For a second year running, Northumbrian Water is throwing its weight behind sewer blockage awareness month, Unblocktober, and is warning of the devastating consequences of when toilets are used as a bin.

wipes blocked drain


Unblocktober, launched by Lanes for Drains in 2019, is aimed at encouraging small changes to people's daily toilet habits. The backing of the world's first blockage month follows as Northumbrian Water has in recent weeks launched its top 52 sewer blockage hot spot areas across the North East.


The blockage battle goes on for the water company, which is tackling an increasing number of clogged up sewers caused by wet wipes and is warning of the devastating consequences that wrongful flushing can have on the environment, and to customers' homes. 


Wrongly flushed items, such as wet wipes, are one of the biggest causes of blockages as they usually clog up inside householders' plumbing and sewer pipes in the street. 


Simon Cyhanko, Head of Wastewater Networks at Northumbrian Water, said: "We're proud to support the national campaign, Unblocktober, to help raise awareness and tackle the industry-wide problem of sewer blockages.


"The biggest cause of blockages in our sewer network is, by far, wet wipes, and while the problem is getting worse, it costs absolutely nothing to play your part in solving it.


"Wet wipes do not belong in sewers and should definitely not be flushed, regardless of what it says on the packaging. They do not break down like toilet paper and even biodegradable products can linger in sewers, contributing to the problem.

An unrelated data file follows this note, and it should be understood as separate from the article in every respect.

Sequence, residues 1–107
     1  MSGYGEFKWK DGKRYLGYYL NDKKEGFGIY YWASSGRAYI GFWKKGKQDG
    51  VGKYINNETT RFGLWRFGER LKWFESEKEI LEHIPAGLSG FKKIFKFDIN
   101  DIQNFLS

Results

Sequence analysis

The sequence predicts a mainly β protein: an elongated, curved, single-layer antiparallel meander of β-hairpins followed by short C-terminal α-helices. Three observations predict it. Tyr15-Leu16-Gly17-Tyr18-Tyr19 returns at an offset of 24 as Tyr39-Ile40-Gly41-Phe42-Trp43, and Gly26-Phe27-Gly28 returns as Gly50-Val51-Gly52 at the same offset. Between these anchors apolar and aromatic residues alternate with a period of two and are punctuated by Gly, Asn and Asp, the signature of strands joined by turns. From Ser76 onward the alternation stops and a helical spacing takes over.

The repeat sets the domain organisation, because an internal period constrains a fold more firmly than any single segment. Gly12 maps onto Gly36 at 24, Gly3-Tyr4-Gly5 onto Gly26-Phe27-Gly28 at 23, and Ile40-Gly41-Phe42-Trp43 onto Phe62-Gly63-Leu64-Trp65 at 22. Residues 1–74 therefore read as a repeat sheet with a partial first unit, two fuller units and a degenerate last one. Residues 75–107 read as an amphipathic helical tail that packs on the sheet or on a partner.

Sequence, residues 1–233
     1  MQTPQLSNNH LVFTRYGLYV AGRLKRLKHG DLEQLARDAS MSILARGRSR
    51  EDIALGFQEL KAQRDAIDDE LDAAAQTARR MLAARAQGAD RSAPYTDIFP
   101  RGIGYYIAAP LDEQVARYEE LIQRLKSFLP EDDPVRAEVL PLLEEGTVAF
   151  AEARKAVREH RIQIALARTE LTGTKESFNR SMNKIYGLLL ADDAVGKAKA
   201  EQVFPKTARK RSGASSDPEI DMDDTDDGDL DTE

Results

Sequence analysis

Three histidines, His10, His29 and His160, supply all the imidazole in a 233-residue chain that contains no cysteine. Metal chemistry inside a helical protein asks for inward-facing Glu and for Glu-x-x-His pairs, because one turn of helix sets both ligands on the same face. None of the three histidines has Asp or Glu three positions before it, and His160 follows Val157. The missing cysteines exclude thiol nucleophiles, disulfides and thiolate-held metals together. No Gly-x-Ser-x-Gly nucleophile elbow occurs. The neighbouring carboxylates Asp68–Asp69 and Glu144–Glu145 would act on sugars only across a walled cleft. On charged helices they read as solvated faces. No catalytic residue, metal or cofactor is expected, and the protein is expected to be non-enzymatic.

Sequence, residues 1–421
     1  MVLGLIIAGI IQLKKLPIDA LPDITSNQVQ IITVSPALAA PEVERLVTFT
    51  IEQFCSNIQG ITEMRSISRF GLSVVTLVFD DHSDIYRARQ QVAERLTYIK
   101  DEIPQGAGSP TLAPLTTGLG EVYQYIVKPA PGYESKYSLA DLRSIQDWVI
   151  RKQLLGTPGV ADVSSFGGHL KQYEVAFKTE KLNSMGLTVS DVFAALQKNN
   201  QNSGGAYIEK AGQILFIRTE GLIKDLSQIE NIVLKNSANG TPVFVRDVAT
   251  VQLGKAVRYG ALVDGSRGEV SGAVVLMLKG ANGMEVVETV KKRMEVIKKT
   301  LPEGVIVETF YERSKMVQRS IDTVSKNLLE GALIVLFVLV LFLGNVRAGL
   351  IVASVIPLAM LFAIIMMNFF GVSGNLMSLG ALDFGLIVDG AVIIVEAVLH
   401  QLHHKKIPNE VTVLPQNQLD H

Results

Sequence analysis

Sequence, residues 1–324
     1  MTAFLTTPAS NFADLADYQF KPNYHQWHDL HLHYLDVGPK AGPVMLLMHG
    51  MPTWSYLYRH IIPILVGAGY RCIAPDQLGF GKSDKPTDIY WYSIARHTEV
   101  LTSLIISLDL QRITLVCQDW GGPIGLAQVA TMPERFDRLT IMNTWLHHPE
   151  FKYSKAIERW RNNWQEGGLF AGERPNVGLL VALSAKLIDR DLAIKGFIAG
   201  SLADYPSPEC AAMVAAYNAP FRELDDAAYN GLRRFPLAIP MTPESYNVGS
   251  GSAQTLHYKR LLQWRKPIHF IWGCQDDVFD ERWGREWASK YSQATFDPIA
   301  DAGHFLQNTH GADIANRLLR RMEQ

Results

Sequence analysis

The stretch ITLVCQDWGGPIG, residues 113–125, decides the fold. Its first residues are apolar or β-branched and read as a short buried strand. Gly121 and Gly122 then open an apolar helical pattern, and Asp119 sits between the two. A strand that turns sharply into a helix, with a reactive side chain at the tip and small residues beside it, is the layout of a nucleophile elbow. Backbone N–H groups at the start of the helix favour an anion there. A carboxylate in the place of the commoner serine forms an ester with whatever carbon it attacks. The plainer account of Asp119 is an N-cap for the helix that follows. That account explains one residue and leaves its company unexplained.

"The consequences of sewer blockages caused by wrongly flushed items can be horrific. Blockages can cause sewer flooding to homes, communities and the environment to be polluted. No one wants to see harm caused to wildlife or the contents of a toilet flooding into someone's home.


"Because of the increasing number of blockages, we've recently expanded our Bin The Wipe campaign activity to proactively target even more customers in the region's hot spot areas.


"We will continue to work with customers to raise awareness through education, communications and face-to-face discussions - but in worst case scenarios, where people continue to repeatedly cause blockages, then we will recharge the cost of clearances and even consider prosecution. We have to take this hard stance to help protect our customers and the environment.


"You can make one simple change to help protect your community and the environment - and that's Bin The Wipe and not to use your loo as a bin."


While the campaign involves direct education in an effort to encourage changes to people's behaviour, those who continue to flush wipes may face being recharged for the cost of clearing resulting blockages, or, in extreme circumstances, prosecution, in line with the Water Industry Act 1991.


Naomi Wright, from Unblocktober and Lanes Group, said: "Unblocktober is a unique way of turning awareness into action. The number of people in the UK who know what should and shouldn't be flushed down the toilet - such as wet wipes - or poured down our drains has increased massively in the last few years. But as a society, our behaviour hasn't yet changed in a meaningful way in order to protect our sewers and seas. That's why we want participants to commit to the Unblocktober challenge for just 31 days and see just how easy it is to cut out the small, bad habits that add up to create this critical environmental problem."


In the first quarter of 2020, Northumbrian Water saw a 20% increase in wipes when working in the network that can contribute to blockages across the region, compared with the four-year average.


For more information about Northumbrian Water's

Bin the Wipe campaign.